My husband and I have carted our kids to every democratic experience we can think of — protest marches, polling places, town halls, city council meetings. We want to demystify the political experience and teach them how to successfully influence it to shape the world into a better place.
I’m embarrassed to admit, however, that I’ve left an alarming gap in their civic education. Not once have I ever exposed my children to the place in democracy where the rubber meets the road: the local budgeting process.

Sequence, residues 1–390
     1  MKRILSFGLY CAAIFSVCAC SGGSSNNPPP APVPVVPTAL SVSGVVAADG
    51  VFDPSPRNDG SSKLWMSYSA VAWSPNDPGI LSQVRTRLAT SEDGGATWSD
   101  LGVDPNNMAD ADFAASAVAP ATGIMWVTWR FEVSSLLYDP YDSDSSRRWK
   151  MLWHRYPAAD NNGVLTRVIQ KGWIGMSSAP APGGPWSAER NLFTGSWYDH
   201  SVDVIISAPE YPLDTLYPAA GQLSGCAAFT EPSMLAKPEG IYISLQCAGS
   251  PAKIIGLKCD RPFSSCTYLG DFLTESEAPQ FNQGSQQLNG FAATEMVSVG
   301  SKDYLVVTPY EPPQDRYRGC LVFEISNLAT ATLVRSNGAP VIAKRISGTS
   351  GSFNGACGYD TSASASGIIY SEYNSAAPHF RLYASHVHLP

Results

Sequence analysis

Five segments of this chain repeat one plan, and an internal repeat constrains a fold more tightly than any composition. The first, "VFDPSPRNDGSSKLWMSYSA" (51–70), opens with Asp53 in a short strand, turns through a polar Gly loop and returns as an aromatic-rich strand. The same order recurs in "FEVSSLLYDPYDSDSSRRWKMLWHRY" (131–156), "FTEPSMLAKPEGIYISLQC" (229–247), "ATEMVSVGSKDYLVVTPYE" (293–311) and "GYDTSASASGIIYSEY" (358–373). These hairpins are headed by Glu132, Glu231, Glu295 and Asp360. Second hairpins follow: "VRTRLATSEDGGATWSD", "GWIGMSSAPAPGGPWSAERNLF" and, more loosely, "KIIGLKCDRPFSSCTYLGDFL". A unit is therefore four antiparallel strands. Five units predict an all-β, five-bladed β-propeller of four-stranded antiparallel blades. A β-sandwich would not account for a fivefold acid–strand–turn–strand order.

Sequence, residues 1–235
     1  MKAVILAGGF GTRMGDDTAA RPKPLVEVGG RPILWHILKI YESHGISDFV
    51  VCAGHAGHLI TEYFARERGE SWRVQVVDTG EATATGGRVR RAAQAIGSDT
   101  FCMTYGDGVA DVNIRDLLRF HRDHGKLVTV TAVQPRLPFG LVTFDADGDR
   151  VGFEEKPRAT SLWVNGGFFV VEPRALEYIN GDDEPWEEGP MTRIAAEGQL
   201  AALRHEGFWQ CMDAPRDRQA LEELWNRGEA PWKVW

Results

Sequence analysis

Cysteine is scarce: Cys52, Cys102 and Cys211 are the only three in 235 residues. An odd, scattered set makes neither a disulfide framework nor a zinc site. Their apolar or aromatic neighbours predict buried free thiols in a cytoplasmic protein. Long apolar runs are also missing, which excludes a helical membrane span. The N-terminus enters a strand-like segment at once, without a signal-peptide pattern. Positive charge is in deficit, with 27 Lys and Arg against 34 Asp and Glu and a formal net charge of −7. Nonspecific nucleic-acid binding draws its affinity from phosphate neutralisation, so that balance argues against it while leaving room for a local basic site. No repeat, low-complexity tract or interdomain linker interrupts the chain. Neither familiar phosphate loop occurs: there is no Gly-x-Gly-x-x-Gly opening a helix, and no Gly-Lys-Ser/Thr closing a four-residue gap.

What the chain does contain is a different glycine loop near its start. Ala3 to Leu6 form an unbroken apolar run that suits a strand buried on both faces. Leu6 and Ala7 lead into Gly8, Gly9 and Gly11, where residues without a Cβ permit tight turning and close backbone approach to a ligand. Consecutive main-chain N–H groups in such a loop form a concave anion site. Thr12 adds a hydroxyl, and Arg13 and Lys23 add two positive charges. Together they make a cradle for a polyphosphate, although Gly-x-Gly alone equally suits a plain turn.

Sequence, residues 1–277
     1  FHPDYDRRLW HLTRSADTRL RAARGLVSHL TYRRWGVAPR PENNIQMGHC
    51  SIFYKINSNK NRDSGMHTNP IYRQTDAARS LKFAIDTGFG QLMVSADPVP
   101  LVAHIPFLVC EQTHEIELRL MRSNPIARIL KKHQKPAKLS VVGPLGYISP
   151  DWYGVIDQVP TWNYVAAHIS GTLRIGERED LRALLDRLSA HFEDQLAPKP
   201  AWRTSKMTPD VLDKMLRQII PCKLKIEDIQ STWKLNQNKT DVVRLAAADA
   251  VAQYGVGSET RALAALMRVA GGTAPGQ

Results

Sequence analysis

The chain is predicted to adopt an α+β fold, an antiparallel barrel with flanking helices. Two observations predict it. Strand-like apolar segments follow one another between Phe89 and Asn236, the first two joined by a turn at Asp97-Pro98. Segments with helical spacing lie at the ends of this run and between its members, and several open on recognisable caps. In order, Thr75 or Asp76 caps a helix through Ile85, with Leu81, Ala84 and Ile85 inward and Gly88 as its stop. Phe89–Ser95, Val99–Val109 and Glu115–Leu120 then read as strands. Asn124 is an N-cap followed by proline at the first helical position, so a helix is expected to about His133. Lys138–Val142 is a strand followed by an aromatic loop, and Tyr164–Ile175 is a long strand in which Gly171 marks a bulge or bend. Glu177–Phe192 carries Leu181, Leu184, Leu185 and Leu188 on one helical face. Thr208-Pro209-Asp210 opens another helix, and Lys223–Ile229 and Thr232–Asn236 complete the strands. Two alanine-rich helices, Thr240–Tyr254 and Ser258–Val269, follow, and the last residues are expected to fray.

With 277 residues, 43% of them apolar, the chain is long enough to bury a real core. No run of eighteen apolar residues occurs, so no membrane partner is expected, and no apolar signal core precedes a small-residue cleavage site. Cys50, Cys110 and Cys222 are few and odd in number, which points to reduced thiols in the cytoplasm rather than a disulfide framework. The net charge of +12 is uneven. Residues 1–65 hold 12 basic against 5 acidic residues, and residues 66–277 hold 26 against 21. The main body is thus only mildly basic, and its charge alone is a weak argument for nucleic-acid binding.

City budgets reflect our commitment, right in our own backyard, to tackle inequity, improve our quality of life, and make crucial decisions about public accountability, like whether our police forces buy body cameras. And, unlike the lobbyist-laden appropriations process at the national and state levels, our local budgeting processes are surprisingly accessible for people like me and you.